Tunney details grievances against Cubs plan for Wrigley Field

May 8, 2012 (CHICAGO)

The Cubs have been looking for ways to finance the upgrades they have wanted to make at Wrigley Field for quite some time.

Traditionally, businesses in Chicago that want to make the kind of changes that the Cubs are hoping to make would have to have the alderman's blessing, but in this case, the Cubs have been working with Mayor Emanuel, which could lead to an interesting debate.

It is a historic ballpark in the middle of a vibrant neighborhood, and for decades, the Cubs and Lakeview residents have attempted to strike a delicate balance. Alderman Tom Tunney says he is looking out for those residents by opposing the Cubs proposal to close down Sheffield Avenue on game days for street fairs and to increase advertising around the ballpark.

The Cubs hope to bring in $150 million in additional revenue.

"I get the economic development," Tunney said. "I'm chair of economic development for the city, but it's not gonna be on the backs of the residents of Lakeview."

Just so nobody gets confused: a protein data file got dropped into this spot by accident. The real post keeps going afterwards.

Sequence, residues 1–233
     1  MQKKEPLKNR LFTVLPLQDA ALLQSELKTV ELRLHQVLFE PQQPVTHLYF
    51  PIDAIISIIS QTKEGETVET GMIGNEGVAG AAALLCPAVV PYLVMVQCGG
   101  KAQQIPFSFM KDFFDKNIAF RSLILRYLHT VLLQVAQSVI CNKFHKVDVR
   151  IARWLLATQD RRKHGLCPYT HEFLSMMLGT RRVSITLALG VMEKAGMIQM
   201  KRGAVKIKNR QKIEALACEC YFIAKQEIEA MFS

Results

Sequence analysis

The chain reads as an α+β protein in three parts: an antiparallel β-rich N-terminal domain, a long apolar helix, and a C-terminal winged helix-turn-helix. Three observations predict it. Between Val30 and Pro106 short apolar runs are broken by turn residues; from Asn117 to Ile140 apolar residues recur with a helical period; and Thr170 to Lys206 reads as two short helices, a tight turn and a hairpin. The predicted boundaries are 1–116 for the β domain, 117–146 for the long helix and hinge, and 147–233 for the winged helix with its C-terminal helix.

The Cubs and Mayor Emanuel have been negotiating using Boston's Fenway Park as a model. They host street fairs there on Yawkey Way.

A spokesman for Cubs Chairman Tom Ricketts says, "We're trying to work with Alderman Tunney, but the Cubs just want the same flexibility to save Wrigley Field as the Red Sox had with Boston.

"The Red Sox owners saved Fenway through outfield signage and creating Yawkey Way, and in so doing, created great economic value for the community," the spokesperson said.

But Charlotte Newfeld, who has been fighting for the community against the Cubs since the team installed lights back in the 1980s, says the Lakeview neighborhood is very different from the area around Fenway.

"It's always been a park in a neighborhood," said Newfeld. "Fenway is not. No other place exists in the middle of a neighborhood like this."

"The area around Fenway is much different than I believe the area that I represent," said Tunney.

Tunney said he believes the negotiations with the mayor and the Cubs will continue, and eventually he believes they will reach a compromise.

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